Leaked CAD Images Showcase the new LT7 V-8 that Will Power the 2021 Chevy C8 Corvette Z06 – Here’s What We Think We Know
The LT7 V-8 is going to be a doozy!by Robert Moore, on
With the 2020 Chevy C8 Corvette set to debut in just a few days’ time, It’s not all that surprising that leaks and rumors are swirling the internet. The most recent leak\rumor places a new, twin-turbo V-8 – known for now as the LT7 – at the heart of the midengined Corvette. This is big news but, while there are leaked CAD images floating around the world’s digital playground, there is absolutely zero confirmation from Chevy. Be that as it may, we have some questions: When will we learn the truth about this alleged LT7? Will the Corvette’s LT7 be based on Cadillac’s Blackwing V-8? How much power will the LT7 make? What does it all mean?
The Recently Leaked LT7 for the C8 Corvette Isn’t the Base Engine
When the 2020 Chevy C8 Corvette Debuts on July 18th, we’ll be there to see it go down. We know that model will carry the Stingray name and, as the entry-level model, it will feature GM’s new, 6.2-liter, LT2 V-8 and should produce somewhere in the ballpark of 500 – 550 horsepower in base configuration.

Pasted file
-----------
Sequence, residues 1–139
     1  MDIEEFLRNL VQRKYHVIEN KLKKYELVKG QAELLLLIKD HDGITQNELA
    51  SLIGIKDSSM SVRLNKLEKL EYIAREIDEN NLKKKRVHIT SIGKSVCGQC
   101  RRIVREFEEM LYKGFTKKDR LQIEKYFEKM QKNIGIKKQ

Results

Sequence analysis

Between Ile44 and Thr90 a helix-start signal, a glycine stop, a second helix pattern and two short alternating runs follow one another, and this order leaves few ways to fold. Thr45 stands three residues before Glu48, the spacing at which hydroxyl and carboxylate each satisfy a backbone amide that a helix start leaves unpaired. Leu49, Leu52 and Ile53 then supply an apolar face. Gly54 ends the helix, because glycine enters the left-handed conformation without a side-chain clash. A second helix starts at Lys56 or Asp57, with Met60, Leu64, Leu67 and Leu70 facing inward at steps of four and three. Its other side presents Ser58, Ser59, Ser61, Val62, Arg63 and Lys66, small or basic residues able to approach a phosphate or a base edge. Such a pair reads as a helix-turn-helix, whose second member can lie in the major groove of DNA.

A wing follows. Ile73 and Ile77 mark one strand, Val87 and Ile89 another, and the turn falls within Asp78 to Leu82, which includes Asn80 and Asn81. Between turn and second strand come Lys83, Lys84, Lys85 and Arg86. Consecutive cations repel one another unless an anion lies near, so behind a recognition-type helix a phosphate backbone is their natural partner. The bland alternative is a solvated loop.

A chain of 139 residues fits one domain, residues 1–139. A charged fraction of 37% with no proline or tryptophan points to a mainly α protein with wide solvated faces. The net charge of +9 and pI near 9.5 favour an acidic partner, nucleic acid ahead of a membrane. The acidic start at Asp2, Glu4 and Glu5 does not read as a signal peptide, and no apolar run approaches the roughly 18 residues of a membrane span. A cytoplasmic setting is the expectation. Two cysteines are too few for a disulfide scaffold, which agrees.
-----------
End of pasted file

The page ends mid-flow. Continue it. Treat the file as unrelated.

This engine is expected to feature the typical LT overhead-valve, pushrod valvetrain (as opposed to an overhead camshaft arrangement), and that means it’s probably based on the same design as the current LT1, LT4, and LT5 engines with minor changes for reliability and power delivery as well as mounting since, you know, the C8 will have the engine behind the front seats.
Current Chevy and Cadillac LT Engines
The LT1 is currently known internally as a “Gen V, 6.2-liter, small block” which is, suffice it to say, a little weird as GM has only built three versions of the LT1 – Gen I was built from 1970-1972 while the other was offered from 1991-1997, both of which displaced 5.7-liters. The newest (technically third-generation) engine displaces 6.2-liters and can be found in the C7 Corvette Stingray, Corvette Grand Sport, and Chevy Camaro SS. In general terms, it generates 455 horsepower and around 460 pound-feet of torque in a standard configuration, so the 500-550 horsepower from the LT2 in the C8 will be a huge improvement for the Stingray name.
|Chevy LT1 V-8||Chevy LT4 V-8||Chevy LT5 V-8||Cadillac LTA V-8|
|Torque||460 lb-ft||630-650 lb-ft||715 lb-ft||373-410 lb-ft|